How the Keystone XL pipeline would help the US, and why some oppose it

How is the pipeline being received in states that will be affected by the project, and what is the source of local opposition?

The pipeline extension will travel through Montana, South Dakota, Nebraska, Kansas, Oklahoma and Texas. The reception in each of these states is mixed, with support and opposition to the project crossing party lines.

Opposing the project is an unlikely mix of interests: farmers, ranchers, and environmental groups, all of whom worry about the effect any leak would have on the land.

Unlike other Republican governors, Nebraska Gov. Dave Heineman had asked Obama to block the pipeline on the grounds it risks the health of the Ogallala aquifer, a major source of fresh drinking water for people in the region as well as for livestock and agriculture.

Governor Heineman says he will support the project if the pipeline is rerouted to avoid the aquifer, 65 percent of which is in his home state.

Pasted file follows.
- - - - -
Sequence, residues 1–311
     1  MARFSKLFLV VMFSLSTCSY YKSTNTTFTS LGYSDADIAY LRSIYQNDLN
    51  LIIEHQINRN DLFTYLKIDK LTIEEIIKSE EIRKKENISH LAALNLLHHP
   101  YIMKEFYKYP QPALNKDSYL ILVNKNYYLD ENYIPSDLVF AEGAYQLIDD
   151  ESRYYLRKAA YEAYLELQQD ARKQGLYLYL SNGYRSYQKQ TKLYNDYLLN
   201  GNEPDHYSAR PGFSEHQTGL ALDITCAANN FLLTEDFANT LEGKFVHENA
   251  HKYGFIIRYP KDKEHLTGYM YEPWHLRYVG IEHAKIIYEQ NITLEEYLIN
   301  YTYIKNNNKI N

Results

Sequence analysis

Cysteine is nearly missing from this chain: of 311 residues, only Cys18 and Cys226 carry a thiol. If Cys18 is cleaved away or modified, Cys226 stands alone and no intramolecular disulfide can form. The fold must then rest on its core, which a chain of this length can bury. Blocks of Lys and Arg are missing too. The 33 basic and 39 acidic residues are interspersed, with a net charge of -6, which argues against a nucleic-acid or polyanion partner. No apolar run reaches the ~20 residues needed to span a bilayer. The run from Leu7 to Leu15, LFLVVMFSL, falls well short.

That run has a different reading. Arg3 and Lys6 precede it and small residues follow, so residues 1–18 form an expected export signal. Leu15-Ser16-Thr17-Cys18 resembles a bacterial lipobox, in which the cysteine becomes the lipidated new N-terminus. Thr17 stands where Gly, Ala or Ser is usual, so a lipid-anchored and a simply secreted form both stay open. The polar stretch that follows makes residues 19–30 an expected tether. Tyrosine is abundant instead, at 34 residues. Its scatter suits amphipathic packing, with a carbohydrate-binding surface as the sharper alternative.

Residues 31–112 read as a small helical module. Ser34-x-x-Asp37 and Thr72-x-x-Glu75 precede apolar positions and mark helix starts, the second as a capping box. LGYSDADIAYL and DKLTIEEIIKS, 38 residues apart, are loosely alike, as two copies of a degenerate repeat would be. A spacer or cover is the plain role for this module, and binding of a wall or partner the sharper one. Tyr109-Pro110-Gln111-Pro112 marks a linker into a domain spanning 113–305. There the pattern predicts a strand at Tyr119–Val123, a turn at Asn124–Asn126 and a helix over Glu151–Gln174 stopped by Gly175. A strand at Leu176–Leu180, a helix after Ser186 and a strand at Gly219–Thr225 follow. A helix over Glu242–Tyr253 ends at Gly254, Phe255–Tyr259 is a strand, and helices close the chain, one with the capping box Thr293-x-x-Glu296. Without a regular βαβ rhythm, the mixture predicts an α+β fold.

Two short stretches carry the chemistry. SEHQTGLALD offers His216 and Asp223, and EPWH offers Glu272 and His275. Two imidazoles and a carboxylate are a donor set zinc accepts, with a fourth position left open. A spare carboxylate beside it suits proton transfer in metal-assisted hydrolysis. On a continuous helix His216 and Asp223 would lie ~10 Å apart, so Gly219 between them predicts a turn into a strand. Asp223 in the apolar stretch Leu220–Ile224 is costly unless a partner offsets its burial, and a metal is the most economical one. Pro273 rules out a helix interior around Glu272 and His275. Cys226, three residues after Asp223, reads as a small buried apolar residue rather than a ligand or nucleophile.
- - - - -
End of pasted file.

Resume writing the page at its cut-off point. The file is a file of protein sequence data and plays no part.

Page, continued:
Other opponents say the corrosive tar-sand-derived crude is difficult to clean when spilled. And environmentalists point to an even broader concern, saying that extracting petroleum from tar sands creates more greenhouse emissions than conventional oil production, releasing more carbon into the atmosphere and accelerating global warming.

Regulation is also an issue. The Gulf of Mexico oil spill revealed the cozy relationship between federal regulators and the oil and gas industry; opponents worry that the same will happen here and that the Transportation Department’s Pipeline and Hazardous Materials Safety Administration is too small to handle a project as large as Keystone.

The coalition pushing for the pipeline is just as unlikely: unions and business leaders, both of whom say the pipeline will boost local economies and create jobs. 

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